View full screen - View 1 of Lot 529. The Count of Palatino in the costume of a Palikar.
529

Richard Parkes Bonington

The Count of Palatino in the costume of a Palikar

Estimate:

60,000 to - 80,000 USD

Property from the Estate of Paul Kasmin

Richard Parkes Bonington

Richard Parkes Bonington

The Count of Palatino in the costume of a Palikar

The Count of Palatino in the costume of a Palikar

Estimate:

60,000 to - 80,000 USD

Lot sold:

81,900

USD

Property from the Estate of Paul Kasmin

Richard Parkes Bonington

Arnold 1801 - 1828 London

The Count of Palatino in the costume of a Palikar


oil on canvas

canvas: 15 1/4 by 9 1/4 in.; 38.7 by 23.5 cm. 

framed: 22 by 16 1/2 in.; 55.9 by 41.9 cm. 

Bonington sale, London, Sotheby's, 29 June 1829, lot 119 (as Studies of Grecian Costumes, two Figures on one canvas);
Lord Charles Townshend (acquired from the above);
By whom sold, London, Christie's, 11 April 1835, possibly lot 13 (as A Greek Chief. Full of character'; or lot 14, as 'The Companion Sketch);
Hume, on behalf of William Beckford (acquired from the above);
Webb sale, Paillet, C.P. Bonnefons, Paris, 24 May 1837, lot 28;
H. A. J. Munro of Novar, by 1843;
With Arthur Tooth & Sons, London, by 1952;
With Galerie Alfred Daber, Paris, by 1954;
Estate of Mr H.G.Th.Crone, by whom sold, London, Christie's, 11 December 2018, lot 60;
There acquired by Paul Kasmin. 
M. Pointon, The Bonington Circle:  English Watercolour and Anglo-French Landscape 1790-1855, Brighton 1985, p. 93;
P. Noon, Richard Parkes Bonington:  the complete paintings, New Haven and London 2008, no. 397, p. 426, reproduced. 
Wintherthur, Kunstmuseum Winterthur, Europaische Maeister, June - July 1955, no. 16;
Nottingham, Nottingham Castle Museum, R.P. Bonington Exhibition, April 10 - May 22, 1965, no. 289.

Demetrius de Palatiano (1794–1849), a member of a prominent family from Corfu, was according to the family tradition an enfant terrible. He is described in family records as unstable and flighty, said to have narrowly escaped being beheaded while in the service of the tyrant Ali Pasha, the local Ottoman ruler.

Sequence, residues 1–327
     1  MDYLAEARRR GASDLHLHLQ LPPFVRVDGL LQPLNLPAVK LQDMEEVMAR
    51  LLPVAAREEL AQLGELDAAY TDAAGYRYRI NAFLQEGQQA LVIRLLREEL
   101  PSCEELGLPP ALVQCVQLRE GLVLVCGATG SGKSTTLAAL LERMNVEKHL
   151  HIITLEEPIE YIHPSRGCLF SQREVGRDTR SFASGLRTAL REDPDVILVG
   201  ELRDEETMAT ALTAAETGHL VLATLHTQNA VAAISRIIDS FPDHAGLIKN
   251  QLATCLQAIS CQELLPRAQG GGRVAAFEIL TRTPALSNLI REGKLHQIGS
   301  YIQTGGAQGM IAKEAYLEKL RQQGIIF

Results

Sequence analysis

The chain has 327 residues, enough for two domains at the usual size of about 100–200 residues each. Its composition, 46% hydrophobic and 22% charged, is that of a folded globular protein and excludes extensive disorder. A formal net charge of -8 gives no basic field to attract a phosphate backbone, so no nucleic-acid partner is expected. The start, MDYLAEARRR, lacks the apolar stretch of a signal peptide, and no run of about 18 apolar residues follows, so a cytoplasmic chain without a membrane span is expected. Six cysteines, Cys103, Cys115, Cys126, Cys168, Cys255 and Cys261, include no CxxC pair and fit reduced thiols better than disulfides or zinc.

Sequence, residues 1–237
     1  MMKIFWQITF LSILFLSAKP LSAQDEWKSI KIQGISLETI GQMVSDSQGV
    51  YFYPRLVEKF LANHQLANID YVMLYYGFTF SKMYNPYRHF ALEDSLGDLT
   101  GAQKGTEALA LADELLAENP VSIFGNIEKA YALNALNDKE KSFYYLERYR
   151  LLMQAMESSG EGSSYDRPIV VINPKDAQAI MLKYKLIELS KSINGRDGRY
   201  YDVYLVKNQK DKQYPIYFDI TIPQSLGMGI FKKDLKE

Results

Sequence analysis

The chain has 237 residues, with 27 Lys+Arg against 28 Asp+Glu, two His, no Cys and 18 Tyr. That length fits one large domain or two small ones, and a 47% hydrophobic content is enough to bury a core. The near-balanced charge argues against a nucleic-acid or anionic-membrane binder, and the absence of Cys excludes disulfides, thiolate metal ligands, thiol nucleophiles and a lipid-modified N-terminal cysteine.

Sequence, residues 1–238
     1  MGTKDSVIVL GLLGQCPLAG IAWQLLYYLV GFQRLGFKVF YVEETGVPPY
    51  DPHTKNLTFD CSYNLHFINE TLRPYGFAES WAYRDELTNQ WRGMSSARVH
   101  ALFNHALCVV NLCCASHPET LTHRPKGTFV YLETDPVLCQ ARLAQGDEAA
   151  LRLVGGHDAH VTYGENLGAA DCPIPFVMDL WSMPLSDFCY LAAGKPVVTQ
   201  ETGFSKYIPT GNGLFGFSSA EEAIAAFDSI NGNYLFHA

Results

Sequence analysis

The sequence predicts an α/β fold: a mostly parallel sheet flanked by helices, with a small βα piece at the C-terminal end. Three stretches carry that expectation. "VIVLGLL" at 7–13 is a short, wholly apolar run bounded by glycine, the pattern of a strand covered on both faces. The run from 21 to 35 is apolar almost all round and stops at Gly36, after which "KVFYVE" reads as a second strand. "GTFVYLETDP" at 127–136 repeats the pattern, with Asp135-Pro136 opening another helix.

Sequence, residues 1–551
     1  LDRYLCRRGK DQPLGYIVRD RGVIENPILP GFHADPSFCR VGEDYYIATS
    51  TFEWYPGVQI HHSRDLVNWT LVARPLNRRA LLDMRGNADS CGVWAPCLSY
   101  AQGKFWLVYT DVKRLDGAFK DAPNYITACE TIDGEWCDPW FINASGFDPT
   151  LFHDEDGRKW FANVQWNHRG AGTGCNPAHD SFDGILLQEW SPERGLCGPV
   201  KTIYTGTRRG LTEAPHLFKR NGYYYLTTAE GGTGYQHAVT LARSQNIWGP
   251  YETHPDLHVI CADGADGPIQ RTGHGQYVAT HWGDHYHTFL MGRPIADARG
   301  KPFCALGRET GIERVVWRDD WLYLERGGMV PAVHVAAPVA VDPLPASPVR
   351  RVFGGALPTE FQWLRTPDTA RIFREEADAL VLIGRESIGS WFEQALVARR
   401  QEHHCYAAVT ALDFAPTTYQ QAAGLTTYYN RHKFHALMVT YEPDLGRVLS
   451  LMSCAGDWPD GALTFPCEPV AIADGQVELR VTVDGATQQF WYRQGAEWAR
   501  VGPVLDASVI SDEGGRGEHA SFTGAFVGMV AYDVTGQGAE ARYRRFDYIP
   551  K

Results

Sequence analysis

He travelled widely throughout Europe, in Albania, the Ionian islands, Italy, Germany and England. Always the grand seigneur, he claimed in a letter to his sister that Maximilian, King of Bavaria, with whom he is said to have been on friendly terms, invested him with the title of Count. Though research in the Commonwealth and Bavaria archives have not been able to confirm this, Demetrius used the title freely in official documents, styling himself as the ‘Honourable Count Demetrius de Palatiano’. In late 1825, on his way to Corfu from England, he passed through Paris, where he posed for Delacroix’s Portrait de M. le Compte P. en costume de souliote. Exhibited at he 1827 Salon, the portrait is now only known through a copy in the Cleveland Museum of Art, yet numerous other studies of the Count by Delacroix and other artists have survived, including the present work.


In the winter of 1825-1816, Bonington worked in Delacroix’s studio and, influenced by the French Romantic painter, he turned to genre and history painting. They worked closely together, manifesting a strong colouristic emphasis, sharing models and compositions. Dr. Pointon notes that ‘the most complete evidence of common subject matter and a very similar approach is to be found in the sketches that Delacroix and Bonington made for their portraits of Count Demetrius Palatiano in the costume of a Palikar’.


Demetius is portrayed wearing the uniform of a Suliot, consisting of a long, white skirt, or "foustanella", gold-worked cloak, crimson velvet gold laced jacket and a waist-coat, silver mounted pistols and daggers. The Suliots were Greek/Albanian Christians who had fled from the repression of Ali Pasha when he became governor of Jannina in 1822, and who later fought courageously during the Greek War of Independence. The Greek War of Independence was a source of great interest for the rest of Europe and the exotic costumes of Greek soldiers, also known as Suliots or Palikari, became a popular subject matter amongst artists. If from a pictorial point of view, it may have been the costume that most attracted Delacroix and Bonington to Count de Palatiano, his colorful and extravagant personality must have also had a strong appeal at a period when the memory of Byron deeply influenced French Romantic Art. Byron posed in the habit of a Palikar for his famous portrait by Thomas Philips and recruited a number of them to form his private guard prior to his arrival in Missolonghi in 1824. Portrayed as fearsome and independent in Childe Harold’s Pilgrimage, Romantic artists saw Suliots as modern primitives, embodiments of natural purity unspoiled by civilization. In the present work, Palatiano stands with his back to the viewer. The bright golden hues of his dress, painted with spontaneous lose brushstrokes, stand in strong contrast against the muted background, accentuating the Count’s flamboyant and distinctly Byronic cast. Delacroix put his finger on the special quality of such works when he later wrote to the critic Théophile Thoré, ‘I could never cease to admire his marvelous grasp of effects and the facility of his execution […].’ (translation of letter to Théophile Thoré, 30 November 1861, Correspondence générale d’Eugène Delacroix, IV, ed. André Joubin, Paris, 1935-38, p. 286).